The volunteers received the seven total injections in a standardized fashion as follows. One investigator performed all injections: the skin area to be injected was cleansed with 70% isopropyl alcohol and allowed to dry, a 25-gauge hypodermic needle was inserted intradermally on the volar surface of the forearm, 30 s was allowed for the pain from the needle insertion to subside, and the subjects were asked to tell when the pain produced by the needle insertion was gone. Then, the injections were given to each volunteer in a random order 10 min apart, separated by at least 5 cm, three injections on one forearm and four on the other. A skin wheal was raised by using 0.25 mL from each solution. The volunteers were asked to rate the pain produced by the injection of the solution, using a linear visual analog scale (1–100 mm), 0 being a pain-free injection and 100 the most painful injection ever experienced.

A repeated-measures analysis of variance was used to examine the differences in visual analog score responses across each of the conditions of interest. After the significant omnibus test, post hoc pairwise comparisons were performed. Statistical significance was defined as P < 0.05.

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There were no differences in mean pain scores between open and blinded solutions of normal saline (15.5 ± 14.0). The sodium bicarbonate solution had the highest pain score (47.2 ± 25.5), whereas the 2-chloroprocaine 2% + sodium bicarbonate 8.4% solution had the lowest mean pain score (6.8) (Fig. 1). The pain score of lidocaine 1% was not different from that of lidocaine 1% + sodium bicarbonate 8.4% (P = 0.074). There was no statistical difference in mean pain scores between plain and buffered 2-chloroprocaine 2% (8.6 versus 6.8;P = 0.38) (Table 2).

Figure 1

Figure 1

Table 2

Table 2

2-Chloroprocaine 2% (plain or buffered), independent of pH (pH 3.4 or pH 7.7, respectively), had significantly smaller mean pain scores than lidocaine 1% plain (P = 0.011 at acidic pH;P = 0.006 at alkaline pH) (Fig. 1). 2-Chloroprocaine 2% had lower pain scores than buffered lidocaine, approaching statistical significance (P = 0.054).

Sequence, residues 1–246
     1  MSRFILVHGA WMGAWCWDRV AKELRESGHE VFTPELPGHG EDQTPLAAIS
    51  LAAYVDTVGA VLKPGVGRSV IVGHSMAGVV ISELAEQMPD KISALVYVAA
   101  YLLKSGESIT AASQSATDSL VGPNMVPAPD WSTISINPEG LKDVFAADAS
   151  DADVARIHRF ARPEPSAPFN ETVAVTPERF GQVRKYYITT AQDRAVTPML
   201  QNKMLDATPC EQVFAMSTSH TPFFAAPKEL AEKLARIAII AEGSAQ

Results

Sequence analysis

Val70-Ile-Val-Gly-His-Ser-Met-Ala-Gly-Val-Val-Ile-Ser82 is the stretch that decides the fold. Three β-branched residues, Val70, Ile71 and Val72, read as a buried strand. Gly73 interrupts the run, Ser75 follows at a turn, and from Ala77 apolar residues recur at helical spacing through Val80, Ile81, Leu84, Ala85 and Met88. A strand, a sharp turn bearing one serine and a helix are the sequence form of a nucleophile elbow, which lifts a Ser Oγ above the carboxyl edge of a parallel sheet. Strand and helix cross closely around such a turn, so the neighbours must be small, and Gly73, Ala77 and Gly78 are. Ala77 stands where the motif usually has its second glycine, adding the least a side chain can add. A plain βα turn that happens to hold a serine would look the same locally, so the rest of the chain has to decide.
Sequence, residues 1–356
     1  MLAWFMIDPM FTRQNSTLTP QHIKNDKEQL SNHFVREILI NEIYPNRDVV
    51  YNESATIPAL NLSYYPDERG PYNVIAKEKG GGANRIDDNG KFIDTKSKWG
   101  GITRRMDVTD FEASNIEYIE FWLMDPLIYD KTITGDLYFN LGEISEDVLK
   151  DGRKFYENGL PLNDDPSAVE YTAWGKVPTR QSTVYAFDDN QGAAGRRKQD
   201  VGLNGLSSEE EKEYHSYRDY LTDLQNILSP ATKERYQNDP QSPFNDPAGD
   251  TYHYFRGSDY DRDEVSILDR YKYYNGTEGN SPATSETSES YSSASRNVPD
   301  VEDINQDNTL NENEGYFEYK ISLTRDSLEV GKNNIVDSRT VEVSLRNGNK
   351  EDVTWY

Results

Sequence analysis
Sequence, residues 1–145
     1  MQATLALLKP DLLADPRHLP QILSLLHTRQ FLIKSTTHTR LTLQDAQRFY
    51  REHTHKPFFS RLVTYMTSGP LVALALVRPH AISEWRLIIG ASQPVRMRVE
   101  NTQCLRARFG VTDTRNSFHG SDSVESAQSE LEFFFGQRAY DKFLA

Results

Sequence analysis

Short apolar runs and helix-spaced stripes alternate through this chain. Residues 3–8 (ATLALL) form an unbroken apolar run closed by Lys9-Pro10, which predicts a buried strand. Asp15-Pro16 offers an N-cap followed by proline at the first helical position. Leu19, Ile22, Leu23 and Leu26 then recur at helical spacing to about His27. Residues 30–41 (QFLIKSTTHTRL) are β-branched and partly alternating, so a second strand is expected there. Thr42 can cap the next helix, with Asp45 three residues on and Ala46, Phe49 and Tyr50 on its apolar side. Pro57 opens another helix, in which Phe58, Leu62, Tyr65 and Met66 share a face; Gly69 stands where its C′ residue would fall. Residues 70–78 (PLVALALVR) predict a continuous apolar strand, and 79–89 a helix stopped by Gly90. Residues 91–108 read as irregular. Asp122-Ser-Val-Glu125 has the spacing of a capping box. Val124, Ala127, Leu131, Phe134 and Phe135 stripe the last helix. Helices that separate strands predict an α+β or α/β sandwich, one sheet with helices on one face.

The pH values of solutions were stable throughout the study (Fig. 2). No local or systemic complications from the injection of solutions occurred during the study.

Figure 2

Figure 2

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Our study indicates that 2-chloroprocaine 2%, independent of pH, causes less pain at intradermal skin infiltration than the more commonly used lidocaine 1% (Figs. 1,3). The mechanism of pain produced by intradermally injected local anesthetic is unclear. Perhaps pH, pKa, lipid solubility, temperature, additives, epinephrine, injection technique, or any combination of these factors may play a role (1–4,6,7). Several studies have suggested that alkalinization of lidocaine may reduce pain at skin infiltration (4,6,8–11). In contrast, increasing the pH of lidocaine did not seem to reduce pain at skin infiltration before hemodialysis in a pediatric group (12). In our study, there was no statistically significantly difference between buffered lidocaine and plain solution (Table 2, Fig. 4).

Figure 3

Figure 3

Figure 4

Figure 4

McKay et al. (6), Morris and Whish (1), and Morris et al. (2) suggested that chloroprocaine may be the local anesthetic of choice for local skin infiltration, based on their analysis of pain scores. Their findings are in contrast with the results of Nuttall et al. (4) and Prien (3). The contradictory results seem to be related to study design, e.g., use of nonequivalent drug concentrations, different manufacturers, different additives, undifferentiated pain score of needle stick versus injection of local anesthetics (7), statistical type II error, or injection technique.

In our study, chloroprocaine 2% was significantly better tolerated than lidocaine 1% (Fig. 1). Plain chloroprocaine had smaller pain scores than buffered lidocaine, approaching the statistical significance (P = 0.054).

We studied, for the first time, the effect of the alkalinizing of chloroprocaine on pain at skin infiltration using an equipotent concentration with lidocaine.

2-Chloroprocaine with bicarbonate had the lowest mean pain score among the tested solutions. There were no differences in pain scores between alkalinized (pH, 7.7) and acidic (pH, 3.4) solutions of chloroprocaine, regardless of the very different pH (Fig. 2).